The irony of security: a tale of two countries

I’m on my way from a country that has experienced three terrorist attacks in the past few weeks to one that had one awful incident more than a year ago but nothing since. Millions of tourists visit the country I’m leaving, whereas the country I’m visiting has virtually no tourists. There are no warnings about visiting the first country but plenty about the second country. In the first country I go everywhere and never think about security; in the second country I have to stay in one of only three hotels and am advised not to walk anywhere.

The first country is the UK, where I live. The second country is Bangladesh, where I visit regularly and security has been steadily tightened; I used to roam freely in Bangladesh. I can see why people in Bangladesh resent the advised security restrictions on their country’s the governments of countries experiencing many more attacks. Plus Britain has been experiencing terrorist attacks for 40 years: before the Islamic extremists it was the IRA. In Bangladesh the attacks are recent.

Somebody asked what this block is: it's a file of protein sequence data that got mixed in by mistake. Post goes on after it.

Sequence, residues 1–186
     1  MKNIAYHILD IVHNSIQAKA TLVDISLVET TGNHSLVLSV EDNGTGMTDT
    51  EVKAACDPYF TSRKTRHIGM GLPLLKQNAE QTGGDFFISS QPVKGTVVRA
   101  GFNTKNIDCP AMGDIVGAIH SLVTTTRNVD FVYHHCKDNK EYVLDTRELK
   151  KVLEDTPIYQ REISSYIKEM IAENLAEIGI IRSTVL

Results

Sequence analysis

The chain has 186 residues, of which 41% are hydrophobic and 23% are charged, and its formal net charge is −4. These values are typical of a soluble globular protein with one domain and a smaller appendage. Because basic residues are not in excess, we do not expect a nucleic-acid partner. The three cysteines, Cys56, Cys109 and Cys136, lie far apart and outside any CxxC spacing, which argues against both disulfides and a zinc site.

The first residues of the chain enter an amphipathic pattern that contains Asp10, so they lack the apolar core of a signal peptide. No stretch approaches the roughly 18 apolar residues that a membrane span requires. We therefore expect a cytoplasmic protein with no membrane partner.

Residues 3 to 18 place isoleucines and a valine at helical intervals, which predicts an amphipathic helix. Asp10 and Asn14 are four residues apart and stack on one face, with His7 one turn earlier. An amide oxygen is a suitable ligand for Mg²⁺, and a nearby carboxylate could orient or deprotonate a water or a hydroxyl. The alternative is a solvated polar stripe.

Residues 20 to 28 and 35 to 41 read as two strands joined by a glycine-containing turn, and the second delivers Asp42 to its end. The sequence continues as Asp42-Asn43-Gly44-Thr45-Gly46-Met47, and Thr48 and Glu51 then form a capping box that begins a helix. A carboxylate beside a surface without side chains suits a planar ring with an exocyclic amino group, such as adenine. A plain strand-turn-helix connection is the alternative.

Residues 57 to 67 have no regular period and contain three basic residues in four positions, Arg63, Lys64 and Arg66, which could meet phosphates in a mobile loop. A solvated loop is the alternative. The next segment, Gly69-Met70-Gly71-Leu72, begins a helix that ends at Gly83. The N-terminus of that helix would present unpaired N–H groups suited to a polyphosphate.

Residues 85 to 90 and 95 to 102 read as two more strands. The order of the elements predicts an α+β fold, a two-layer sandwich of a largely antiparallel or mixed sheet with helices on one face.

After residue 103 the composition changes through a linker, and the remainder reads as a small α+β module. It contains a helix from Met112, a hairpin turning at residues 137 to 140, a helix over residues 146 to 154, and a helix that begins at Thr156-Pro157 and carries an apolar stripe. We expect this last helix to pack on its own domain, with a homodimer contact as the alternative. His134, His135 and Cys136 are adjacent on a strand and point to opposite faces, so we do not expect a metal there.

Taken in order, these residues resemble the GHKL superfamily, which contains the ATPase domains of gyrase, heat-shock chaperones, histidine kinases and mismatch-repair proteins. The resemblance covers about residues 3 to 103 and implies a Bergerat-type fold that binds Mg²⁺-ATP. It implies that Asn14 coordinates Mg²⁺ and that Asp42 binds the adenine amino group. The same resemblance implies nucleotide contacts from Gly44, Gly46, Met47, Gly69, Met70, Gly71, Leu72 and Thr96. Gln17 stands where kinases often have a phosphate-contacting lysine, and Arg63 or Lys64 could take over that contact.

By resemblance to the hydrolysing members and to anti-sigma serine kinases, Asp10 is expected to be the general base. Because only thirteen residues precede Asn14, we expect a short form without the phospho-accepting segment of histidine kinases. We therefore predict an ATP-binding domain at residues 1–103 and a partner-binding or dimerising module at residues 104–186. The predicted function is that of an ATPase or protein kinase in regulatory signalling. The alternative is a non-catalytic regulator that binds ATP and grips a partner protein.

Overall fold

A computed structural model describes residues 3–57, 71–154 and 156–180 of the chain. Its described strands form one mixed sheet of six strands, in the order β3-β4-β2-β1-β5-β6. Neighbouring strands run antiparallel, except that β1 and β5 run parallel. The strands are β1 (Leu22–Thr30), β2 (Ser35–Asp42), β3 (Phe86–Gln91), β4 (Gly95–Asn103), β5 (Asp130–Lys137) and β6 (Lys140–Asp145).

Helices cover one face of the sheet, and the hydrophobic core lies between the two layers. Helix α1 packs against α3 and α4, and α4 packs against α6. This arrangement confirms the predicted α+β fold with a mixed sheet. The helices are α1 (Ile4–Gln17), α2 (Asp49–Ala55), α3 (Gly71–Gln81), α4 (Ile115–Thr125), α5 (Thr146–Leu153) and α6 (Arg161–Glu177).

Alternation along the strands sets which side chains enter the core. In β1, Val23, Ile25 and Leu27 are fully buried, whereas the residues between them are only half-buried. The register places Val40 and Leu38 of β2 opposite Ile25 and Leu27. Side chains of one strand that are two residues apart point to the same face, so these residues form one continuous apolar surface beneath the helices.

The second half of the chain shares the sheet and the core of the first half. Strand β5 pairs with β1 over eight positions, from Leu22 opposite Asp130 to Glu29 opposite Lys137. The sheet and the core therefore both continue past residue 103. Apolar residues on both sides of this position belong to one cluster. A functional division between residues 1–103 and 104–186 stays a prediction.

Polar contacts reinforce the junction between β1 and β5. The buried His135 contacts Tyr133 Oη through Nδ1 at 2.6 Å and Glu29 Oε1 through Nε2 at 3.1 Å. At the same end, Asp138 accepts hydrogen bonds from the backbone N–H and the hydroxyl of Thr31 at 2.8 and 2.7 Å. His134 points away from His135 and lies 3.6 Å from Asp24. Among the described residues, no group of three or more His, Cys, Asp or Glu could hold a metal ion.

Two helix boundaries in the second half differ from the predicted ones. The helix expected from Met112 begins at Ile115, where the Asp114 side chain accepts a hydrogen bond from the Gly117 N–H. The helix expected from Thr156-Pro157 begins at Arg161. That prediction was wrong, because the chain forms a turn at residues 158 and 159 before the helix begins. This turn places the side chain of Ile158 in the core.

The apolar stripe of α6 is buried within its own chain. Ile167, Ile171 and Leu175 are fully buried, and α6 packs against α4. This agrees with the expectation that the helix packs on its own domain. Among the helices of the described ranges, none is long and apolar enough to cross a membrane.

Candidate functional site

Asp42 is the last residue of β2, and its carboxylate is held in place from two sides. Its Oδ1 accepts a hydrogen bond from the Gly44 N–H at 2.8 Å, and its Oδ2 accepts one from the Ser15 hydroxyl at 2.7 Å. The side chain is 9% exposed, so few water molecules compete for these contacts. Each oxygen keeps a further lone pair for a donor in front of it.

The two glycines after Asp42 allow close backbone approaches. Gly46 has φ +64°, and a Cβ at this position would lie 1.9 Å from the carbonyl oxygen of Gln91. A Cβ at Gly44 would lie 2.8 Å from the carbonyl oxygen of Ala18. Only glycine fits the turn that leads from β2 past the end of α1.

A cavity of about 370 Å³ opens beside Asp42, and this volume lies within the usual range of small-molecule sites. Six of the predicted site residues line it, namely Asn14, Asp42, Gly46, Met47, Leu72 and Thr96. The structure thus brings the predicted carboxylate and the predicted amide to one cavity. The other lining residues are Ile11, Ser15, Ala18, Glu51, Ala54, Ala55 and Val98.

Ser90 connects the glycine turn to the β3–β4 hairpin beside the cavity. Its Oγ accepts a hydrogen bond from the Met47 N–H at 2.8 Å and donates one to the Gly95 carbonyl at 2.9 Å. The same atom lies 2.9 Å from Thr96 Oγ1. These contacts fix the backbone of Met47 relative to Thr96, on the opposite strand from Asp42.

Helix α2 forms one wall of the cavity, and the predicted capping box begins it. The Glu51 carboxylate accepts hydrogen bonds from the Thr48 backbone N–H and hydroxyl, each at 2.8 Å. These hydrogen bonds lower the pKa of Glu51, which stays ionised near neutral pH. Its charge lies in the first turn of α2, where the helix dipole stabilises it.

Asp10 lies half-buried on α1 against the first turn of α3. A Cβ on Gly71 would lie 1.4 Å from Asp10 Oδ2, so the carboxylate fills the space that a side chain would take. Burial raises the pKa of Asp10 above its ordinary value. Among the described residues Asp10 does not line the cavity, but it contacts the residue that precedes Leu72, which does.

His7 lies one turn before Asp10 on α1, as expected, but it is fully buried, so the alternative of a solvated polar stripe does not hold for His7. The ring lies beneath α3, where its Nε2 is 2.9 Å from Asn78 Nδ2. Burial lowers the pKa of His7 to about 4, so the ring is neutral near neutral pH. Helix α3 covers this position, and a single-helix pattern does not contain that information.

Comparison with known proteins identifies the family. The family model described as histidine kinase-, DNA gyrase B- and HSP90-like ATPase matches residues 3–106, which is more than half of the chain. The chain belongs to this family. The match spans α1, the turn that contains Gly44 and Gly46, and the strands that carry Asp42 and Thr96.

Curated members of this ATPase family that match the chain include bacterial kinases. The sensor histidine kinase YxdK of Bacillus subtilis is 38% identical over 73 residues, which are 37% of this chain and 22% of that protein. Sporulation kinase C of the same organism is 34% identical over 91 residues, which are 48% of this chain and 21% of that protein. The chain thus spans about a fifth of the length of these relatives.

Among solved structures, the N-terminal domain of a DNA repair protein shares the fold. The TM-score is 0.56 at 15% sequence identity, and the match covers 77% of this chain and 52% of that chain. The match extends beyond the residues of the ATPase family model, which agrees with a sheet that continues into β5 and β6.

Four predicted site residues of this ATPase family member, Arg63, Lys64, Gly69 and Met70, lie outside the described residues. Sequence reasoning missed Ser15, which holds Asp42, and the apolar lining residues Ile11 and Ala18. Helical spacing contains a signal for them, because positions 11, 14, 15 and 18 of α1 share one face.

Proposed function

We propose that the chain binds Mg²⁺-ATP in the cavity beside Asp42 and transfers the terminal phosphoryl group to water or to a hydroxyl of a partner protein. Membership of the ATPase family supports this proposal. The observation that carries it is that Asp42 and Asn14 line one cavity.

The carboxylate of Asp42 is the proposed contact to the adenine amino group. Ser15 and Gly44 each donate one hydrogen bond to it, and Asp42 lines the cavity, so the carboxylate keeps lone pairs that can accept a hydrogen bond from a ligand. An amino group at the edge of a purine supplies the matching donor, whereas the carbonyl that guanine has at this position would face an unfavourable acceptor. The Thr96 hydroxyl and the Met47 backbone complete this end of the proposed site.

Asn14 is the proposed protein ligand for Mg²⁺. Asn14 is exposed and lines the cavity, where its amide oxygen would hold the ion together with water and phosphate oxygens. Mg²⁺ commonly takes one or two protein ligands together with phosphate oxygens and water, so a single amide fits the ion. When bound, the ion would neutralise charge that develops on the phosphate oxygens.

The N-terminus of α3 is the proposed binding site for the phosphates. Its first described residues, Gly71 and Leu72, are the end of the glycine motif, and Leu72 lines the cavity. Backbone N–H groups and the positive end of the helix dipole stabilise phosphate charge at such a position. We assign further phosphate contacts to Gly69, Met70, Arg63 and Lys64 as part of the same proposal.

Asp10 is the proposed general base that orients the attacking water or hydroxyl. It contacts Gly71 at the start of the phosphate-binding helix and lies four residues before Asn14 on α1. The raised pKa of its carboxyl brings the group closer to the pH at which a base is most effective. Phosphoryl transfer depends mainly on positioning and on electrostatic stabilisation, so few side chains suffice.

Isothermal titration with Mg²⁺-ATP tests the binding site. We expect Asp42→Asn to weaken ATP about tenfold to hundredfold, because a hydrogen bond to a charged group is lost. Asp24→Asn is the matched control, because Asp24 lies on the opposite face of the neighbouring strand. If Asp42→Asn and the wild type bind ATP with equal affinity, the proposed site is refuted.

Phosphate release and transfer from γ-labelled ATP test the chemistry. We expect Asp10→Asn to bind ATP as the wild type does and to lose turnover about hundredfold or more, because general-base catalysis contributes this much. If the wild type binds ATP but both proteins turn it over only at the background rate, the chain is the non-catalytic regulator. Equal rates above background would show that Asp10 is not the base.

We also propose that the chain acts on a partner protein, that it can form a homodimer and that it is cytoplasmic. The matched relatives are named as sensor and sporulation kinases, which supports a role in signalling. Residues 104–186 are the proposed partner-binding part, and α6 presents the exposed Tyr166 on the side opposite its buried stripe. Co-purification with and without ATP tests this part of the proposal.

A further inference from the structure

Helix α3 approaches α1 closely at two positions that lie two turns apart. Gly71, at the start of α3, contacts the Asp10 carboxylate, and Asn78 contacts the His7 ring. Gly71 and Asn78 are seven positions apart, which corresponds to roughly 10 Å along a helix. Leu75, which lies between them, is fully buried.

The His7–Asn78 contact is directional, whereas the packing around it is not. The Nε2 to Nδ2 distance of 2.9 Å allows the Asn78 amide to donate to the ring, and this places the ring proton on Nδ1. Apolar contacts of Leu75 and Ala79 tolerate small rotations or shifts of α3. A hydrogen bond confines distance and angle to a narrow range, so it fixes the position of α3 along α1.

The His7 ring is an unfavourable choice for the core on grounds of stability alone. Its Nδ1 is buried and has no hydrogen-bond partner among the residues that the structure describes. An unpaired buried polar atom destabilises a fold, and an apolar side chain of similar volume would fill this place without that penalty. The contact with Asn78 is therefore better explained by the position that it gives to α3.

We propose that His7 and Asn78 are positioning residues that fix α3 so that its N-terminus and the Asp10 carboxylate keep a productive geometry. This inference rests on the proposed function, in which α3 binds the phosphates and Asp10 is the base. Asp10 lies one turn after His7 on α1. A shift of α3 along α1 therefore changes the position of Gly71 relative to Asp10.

Reluctantly I recognise that there is a logic to what seems illogical. London is a huge city, and, although much publicity is given to attacks, my chances of being attacked are small. Dhaka is an even bigger city, but my white skin makes me conspicuous– and the attacks there have been have been on foreigners.

But I set off for Dhaka without any fear just as I have no fear walking the streets of London. This is nothing to do with bravery and all to do with statistics. As a 65 year old man my chances of being killed or disabled by a terrorist attack, in either Lindon or Dhaka, are tiny compared with other causes. That’s comforting.


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